“I can’t do this!” I cried to my mother as she caressed my cheek. My Aunt was on the other side of me, holding my hand. I watched as the nurses were preparing things around the room. The beeping from the monitors seemed so loud as I writhed in pain; it was almost unbearable. I felt like my stomach was being crushed by the hand of Goliath. I felt like I was being torn apart. I couldn’t breathe. I was hyperventilating. I have never been more terrified in my entire life. Then, at that moment, I saw him. He stared at me with his big, brown eyes and rosy red cheeks, and I knew I CAN do this!
It was my senior year of High school. At seventeen years old, I was planning my graduation, hanging out with my friends, sneaking out to parties on the weekends. I had no worries in the world. I was “living the life.” I thought I knew everything there was to know about life. Despite what my parents told me and the rules they gave me, I often thought to myself, I’m grown. I don’t need anyone to tell me what to do. I would argue with my parents and my teachers whenever they tried to give me guidance. I thought they were just trying to “tell me what to do.” I didn’t realize that they were only interested in what was best for me. They were trying to help me grow and prepare me for the real world. Throughout my teenage years, I had it made. I had my family, friends, health, and everything I could ask for. I thought I had my life planned. I was going to graduate from high school and join the Air Force. I wanted to be a pilot, or I thought that is what I wanted in life. Life had different plans for me, and everything was about to change.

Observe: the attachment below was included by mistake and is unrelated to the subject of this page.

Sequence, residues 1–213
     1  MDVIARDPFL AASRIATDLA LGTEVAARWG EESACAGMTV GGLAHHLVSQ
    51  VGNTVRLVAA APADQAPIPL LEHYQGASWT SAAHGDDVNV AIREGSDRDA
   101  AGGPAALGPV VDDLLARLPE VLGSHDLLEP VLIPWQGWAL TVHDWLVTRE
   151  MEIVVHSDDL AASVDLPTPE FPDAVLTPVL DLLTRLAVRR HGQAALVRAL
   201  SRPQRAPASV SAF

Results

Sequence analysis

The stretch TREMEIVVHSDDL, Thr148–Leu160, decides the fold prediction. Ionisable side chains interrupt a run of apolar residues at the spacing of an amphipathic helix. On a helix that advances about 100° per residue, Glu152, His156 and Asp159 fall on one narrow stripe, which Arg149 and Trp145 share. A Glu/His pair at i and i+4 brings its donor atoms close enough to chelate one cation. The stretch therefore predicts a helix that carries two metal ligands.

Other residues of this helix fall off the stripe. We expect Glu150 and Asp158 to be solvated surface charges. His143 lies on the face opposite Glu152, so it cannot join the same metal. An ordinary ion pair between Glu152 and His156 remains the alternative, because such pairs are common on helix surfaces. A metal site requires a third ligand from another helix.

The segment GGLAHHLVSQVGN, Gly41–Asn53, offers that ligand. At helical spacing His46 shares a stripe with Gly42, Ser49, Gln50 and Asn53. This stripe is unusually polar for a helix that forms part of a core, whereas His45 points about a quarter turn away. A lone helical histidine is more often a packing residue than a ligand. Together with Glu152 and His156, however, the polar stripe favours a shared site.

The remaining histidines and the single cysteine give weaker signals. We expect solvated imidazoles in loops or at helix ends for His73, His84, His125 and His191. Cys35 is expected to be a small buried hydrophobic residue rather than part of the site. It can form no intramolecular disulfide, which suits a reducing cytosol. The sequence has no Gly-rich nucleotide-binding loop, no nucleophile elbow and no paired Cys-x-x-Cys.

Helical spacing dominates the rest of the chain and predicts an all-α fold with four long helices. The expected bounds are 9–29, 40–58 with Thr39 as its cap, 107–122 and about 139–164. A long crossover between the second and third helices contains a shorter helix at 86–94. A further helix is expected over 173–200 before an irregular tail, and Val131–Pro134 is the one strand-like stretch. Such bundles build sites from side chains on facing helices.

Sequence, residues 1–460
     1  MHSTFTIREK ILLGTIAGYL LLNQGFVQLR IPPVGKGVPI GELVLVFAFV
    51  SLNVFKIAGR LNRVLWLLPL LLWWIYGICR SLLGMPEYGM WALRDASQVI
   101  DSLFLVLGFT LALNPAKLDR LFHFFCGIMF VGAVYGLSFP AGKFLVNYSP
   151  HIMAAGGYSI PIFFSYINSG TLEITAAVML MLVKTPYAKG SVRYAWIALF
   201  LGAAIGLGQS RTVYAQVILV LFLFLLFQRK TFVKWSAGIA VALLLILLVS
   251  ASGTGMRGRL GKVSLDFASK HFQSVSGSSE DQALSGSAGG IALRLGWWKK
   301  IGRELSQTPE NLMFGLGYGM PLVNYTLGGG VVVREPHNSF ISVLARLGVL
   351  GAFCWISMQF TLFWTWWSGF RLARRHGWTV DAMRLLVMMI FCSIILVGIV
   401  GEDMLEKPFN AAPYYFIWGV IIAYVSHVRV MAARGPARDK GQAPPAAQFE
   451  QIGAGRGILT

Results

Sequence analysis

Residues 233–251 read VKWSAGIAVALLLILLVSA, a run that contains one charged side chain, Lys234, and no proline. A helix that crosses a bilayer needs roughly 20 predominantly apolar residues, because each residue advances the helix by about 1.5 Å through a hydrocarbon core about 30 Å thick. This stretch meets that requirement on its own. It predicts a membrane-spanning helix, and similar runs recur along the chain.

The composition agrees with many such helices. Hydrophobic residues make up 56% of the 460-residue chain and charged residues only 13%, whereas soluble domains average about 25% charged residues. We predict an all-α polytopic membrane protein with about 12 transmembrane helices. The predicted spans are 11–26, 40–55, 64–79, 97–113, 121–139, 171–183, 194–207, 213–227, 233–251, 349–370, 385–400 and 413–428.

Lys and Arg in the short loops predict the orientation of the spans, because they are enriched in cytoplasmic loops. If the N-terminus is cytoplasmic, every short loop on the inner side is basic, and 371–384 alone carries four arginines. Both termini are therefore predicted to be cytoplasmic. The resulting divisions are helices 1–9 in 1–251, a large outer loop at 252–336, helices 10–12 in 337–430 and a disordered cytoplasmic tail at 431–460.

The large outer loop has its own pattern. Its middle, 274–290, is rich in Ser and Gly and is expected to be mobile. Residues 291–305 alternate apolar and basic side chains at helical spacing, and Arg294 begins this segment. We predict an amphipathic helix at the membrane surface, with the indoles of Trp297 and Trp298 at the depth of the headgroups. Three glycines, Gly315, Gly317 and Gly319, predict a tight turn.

I woke up one morning not feeling so well. I had asked my mom to make me a doctor’s appointment. I remember the faint smell of coffee and rubbing alcohol as I sat in the exam room with my mother. I looked around, reading all the pamphlets on the walls, looking at the magazines. I honestly had no clue as to what was about to hit me—that in just a few moments, my life was going to be changed forever. The doctor walked in; the look of judgment on his face was one that I will never forget. Then he said it, the two words that would change everything, “You’re pregnant.” I looked over at my mom, and I felt her heart break. I could feel all of her emotions because, at that moment, I had no feelings; I was numb. I couldn’t believe the words I just heard.
The car ride home was silent. I had so many thoughts swirling through my head that I couldn’t think straight. I felt dizzy, overwhelmed, consumed by fear. I went straight to my room when we arrived home. “I’m going to be a mom,” I said aloud to myself. The disbelief came first, followed quickly by panic before the realization and acceptance arrived. I was seventeen years old and realized the days of my carefree teen life were now behind me. Finding out I was pregnant was a devastating shock, not only for me but everyone else around me. As months passed, my parents came to terms with my teen pregnancy and became excited about the new bundle of joy. I became more excited, but the fears returned as I found myself in my final trimester. Being pregnant was one thing, but having this child would be an entirely new world. I often thought to myself, Will I be a good mom? How am I going to care for him? What if I fail?